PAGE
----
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Thursday, April 26, 2018 by Jessi Devenyns
Libraries plan to designate areas for petitioning
After a month of consultations with the Law Department over the language of the rules governing petitioning on library property, the Austin Public Library may have found a compromise.
Instead of limiting petitioning to sidewalks surrounding the libraries, which groups have said restricts their access to library customers, the department is suggesting designating a location at each of the 21 library branches where groups and individuals can hold a public forum.
So far, spots for public forum have been designated at 10 branch libraries. There are currently no diagrams of where these will be held on each property.
At the last Library Commission meeting, Austin Public Library Director Roosevelt Weeks said, “What we would like to do is limit it to a branch in each City Council district.”
However, Commissioner Roxanne Bogucka said she thought a forum “should be possible at every branch.” She explained that many individuals who are gathering signatures are likely doing so after researching which branch it would be most beneficial for them to canvass at based on customer demographics and Council district. Not allowing them a choice in libraries is “not cool,” she said.
Currently, there is an informal hold on petitioning restrictions at the libraries. While the library department is formulating its new rules, there is simply a behavioral restriction on those participating in public forums on library property. Anyone engaged in those activities cannot impede access to the library or harass customers.
“What’s wrong with just continuing like that? Why do we have to have designated areas at a branch?” asked Commissioner Catherine Hanna.
Weeks explained that since libraries cannot discriminate against those arriving on the premises, there is potentially a risk for those with a radical agenda to canvass right outside the library doors.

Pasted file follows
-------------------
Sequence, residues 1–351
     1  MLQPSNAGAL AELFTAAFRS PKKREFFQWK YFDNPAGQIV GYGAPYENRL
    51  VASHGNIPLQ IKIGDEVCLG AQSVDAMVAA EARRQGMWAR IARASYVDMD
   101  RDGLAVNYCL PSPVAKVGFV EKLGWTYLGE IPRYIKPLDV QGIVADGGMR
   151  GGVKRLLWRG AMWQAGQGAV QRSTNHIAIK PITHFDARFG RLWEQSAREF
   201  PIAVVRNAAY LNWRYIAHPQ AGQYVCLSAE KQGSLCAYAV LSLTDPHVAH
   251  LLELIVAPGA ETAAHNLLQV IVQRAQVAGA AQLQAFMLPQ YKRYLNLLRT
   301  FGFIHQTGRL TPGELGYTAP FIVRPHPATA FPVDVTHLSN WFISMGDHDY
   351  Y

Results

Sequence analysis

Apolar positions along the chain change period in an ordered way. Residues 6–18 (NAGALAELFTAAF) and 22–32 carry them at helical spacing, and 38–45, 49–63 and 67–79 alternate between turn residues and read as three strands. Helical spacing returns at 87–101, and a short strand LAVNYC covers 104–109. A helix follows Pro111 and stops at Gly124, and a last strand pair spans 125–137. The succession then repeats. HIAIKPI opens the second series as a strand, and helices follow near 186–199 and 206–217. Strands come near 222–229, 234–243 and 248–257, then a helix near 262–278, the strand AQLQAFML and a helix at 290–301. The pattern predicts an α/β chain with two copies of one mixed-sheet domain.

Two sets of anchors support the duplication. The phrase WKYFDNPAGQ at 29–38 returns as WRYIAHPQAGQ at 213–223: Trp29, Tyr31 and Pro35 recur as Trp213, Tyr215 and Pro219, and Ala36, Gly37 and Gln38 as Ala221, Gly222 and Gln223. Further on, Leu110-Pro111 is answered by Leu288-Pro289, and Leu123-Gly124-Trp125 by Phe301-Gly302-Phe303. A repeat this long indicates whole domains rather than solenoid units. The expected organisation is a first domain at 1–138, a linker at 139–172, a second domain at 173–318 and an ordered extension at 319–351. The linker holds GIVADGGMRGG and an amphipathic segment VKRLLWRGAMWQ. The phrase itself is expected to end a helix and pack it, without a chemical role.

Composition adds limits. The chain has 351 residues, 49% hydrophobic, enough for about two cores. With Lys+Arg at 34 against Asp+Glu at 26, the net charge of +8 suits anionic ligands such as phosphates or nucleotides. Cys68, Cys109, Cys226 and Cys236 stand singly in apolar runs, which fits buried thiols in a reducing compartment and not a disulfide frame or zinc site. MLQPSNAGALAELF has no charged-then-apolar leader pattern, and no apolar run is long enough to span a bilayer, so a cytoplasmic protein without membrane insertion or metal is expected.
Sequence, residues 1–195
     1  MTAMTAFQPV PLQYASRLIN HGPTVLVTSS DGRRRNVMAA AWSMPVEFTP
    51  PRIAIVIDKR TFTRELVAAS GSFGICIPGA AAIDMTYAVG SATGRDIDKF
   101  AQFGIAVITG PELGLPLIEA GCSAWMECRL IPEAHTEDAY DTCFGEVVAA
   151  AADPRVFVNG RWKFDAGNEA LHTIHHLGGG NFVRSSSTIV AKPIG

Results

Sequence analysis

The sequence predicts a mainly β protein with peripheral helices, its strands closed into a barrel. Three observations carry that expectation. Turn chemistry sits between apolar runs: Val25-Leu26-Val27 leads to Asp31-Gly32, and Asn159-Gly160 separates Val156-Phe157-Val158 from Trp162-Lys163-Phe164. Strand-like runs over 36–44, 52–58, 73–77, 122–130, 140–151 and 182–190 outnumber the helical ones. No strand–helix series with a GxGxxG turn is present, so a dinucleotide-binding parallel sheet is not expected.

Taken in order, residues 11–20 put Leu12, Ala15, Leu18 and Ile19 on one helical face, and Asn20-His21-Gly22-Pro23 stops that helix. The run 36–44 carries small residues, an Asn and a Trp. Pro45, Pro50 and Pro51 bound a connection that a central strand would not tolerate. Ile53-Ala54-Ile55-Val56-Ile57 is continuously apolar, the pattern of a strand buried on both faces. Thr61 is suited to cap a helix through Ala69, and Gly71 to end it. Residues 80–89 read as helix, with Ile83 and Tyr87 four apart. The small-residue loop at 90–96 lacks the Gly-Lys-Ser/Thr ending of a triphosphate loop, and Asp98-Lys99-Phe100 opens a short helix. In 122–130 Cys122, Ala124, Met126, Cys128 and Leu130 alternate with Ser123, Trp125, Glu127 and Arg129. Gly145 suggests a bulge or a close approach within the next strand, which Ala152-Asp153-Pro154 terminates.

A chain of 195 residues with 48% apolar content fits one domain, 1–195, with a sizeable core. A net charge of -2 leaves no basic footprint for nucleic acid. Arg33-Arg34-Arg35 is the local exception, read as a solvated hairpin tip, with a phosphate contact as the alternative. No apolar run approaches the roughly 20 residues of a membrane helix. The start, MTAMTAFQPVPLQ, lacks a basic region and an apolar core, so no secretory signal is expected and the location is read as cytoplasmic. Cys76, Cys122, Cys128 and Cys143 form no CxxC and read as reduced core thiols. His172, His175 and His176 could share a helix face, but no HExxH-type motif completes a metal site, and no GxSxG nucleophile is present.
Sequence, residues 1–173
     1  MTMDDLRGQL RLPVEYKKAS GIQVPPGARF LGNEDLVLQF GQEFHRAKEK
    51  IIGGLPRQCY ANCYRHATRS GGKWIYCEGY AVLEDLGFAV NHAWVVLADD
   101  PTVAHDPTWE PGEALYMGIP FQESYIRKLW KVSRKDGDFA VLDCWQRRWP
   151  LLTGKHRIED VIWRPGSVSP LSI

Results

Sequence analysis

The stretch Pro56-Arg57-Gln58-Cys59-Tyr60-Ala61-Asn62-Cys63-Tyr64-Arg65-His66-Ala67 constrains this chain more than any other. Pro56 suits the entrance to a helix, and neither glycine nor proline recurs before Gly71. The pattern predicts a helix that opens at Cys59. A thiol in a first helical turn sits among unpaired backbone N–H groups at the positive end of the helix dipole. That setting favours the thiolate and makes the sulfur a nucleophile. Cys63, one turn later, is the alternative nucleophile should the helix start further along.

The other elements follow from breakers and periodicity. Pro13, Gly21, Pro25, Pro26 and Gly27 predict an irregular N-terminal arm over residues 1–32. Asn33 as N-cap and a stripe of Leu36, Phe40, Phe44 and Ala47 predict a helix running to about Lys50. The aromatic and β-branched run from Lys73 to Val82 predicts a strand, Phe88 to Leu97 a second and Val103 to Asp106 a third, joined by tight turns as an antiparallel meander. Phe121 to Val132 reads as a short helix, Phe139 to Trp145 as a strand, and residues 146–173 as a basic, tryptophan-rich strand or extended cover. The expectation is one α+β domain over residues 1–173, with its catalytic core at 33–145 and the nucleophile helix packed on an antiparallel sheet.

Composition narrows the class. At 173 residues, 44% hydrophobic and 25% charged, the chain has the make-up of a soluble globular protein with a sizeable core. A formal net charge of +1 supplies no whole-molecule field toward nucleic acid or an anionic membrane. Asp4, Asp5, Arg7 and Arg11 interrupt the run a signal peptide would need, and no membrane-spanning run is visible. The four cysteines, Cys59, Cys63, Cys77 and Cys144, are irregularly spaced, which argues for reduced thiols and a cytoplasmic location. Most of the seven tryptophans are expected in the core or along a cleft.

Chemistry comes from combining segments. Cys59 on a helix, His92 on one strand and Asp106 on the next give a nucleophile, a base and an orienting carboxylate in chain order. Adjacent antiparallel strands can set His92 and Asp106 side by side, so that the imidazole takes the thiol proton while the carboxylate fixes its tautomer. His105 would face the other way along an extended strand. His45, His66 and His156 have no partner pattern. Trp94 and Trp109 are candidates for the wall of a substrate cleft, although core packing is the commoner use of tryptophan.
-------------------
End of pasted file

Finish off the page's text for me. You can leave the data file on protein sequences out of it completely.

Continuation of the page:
Hanna played devil’s advocate to her own argument by providing an example of a hypothetical way that petitions could conflict with library customers. “Let’s say the petition is for open carry. I (could) demonstrate my right for open carry while you’re taking your toddler to story time.”
Although there is the potential for such a situation to occur on library property, Commissioner Wendy Todd argued that one of the rules of a democracy is the ability to speak out. She said that limiting citizens’ access to areas where they can do so is curtailing the free speech of those who have legitimate civic concerns. She noted that this was never an issue until IndyAustin began petitioning against CodeNEXT. “It just seems coincidental that this particular petition has a lot to do with something that costs the city a lot of money, which is the building code,” she said.
The Library Use Rules are currently under review because two individuals with IndyAustin who were gathering signatures for a CodeNEXT petition outside of public libraries were cited with criminal trespass warnings. Attorneys Bill Aleshire, Bill Bunch and Fred Lewis, who leads the group Community Not Commodity, then issued a cease and desist warning to the city of Austin. The citations have been rescinded as the city works to clarify its position on the matter.
Weeks explained that providing clarity through a set of rules was essential to give library staff authority when speaking with protesters or canvassers who were interfering with the libraries’ daily functions. “I don’t want (employees) feeling like they’re stuck between a rock and a hard place,” he said.
Although some of the commissioners were hesitant to recommend more stringent sanctions on where Austinites could engage in their civic responsibilities, Commissioner Aimee Finney reminded the commissioners that although it doesn’t seem like a big deal now, “in November 2019, it’s probably going to be pretty big business.”
The newly drafted rules will return to the Library Commission at its May meeting for review and recommendation to Council.
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